Flat pedals are something of a rare sight around the Dirt Rag office. From full-lycra to full-face rides, chances are we’re clipping in. Case in point, see the Tech Editor column in Issue #175.
All this cleat-lovin’ makes it even more interesting that when the Spank Spike pedals showed up at the office there was a bit of a scrum to see who would get to ride them. With a massive platform and 10 adjustable pins per side, it was pretty clear they would be taking traction to a whole new level.
The aluminum alloy body is cold forged rather than extruded for a better strength to weight ratio, is only 12mm thin (not including pins) and features an angled leading edge and sides to help deflect pedal strikes and for cornering clearance. Each pedal features eight hex head pins and two grub screws per side and they all come uninstalled for a little DIY setup. The body spins on a steel spindle with an oversized steel bearing on the inside and an IGUS bushing on the outer. The body itself mounts fully flush against the crankarms and requires a pair of included washers to keep it spinning freely. The bearing’s bulge is also imperceptible underfoot. At 400g per pair, they aren’t super light, but competitive with other high quality flats.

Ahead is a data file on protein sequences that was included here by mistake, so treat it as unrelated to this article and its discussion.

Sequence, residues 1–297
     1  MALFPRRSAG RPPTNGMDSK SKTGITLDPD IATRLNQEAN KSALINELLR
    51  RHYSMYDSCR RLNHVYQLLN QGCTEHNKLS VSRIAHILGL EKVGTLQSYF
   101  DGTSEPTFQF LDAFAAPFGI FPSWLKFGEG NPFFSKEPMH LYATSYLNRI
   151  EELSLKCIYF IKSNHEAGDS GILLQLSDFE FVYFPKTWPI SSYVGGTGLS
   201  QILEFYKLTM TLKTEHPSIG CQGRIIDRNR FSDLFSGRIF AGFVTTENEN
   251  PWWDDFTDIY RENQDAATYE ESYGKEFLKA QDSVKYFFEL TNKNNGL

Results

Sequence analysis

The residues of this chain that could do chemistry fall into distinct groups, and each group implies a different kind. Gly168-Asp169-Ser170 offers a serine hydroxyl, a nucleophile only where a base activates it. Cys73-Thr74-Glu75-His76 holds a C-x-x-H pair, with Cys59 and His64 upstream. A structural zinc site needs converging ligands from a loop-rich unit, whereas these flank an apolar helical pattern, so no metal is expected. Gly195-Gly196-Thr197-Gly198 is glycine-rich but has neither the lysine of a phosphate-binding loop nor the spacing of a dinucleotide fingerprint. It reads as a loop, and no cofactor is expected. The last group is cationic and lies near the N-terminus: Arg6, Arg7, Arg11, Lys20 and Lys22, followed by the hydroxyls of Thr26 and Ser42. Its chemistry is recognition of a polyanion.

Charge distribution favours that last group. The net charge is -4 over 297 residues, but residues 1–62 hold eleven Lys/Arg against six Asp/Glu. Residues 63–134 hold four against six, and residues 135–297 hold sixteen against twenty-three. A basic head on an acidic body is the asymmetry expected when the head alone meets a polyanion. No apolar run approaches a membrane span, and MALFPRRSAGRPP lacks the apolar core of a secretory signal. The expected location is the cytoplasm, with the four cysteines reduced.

Riding with a pair of super-sticky shoes like the FiveTen Freerider VXI, the Spike pedals deliver an insane amount of grip. While it obviously cannot replicate the lifting forces of a clipless pedal, the combo all but eliminates foot rotation, so if you need to adjust you have to lift up your foot and place it back down. With less aggressive footwear this issue largely disappears.
Over the past few months I’ve ridden the Spikes on all sorts of bikes, from trail riding to city rides to fat bikes in the snow (they shed snow very well). One little turn of the acorn nut to tighten up some free play was all the maintenance needed. Safe to say the thin profile and massive size of the Spikes has spoiled me against all other flats. They’re available in five colors for $129.
Like what you see? Please support independent publishing by Subscribing To Dirt Rag Magazine today.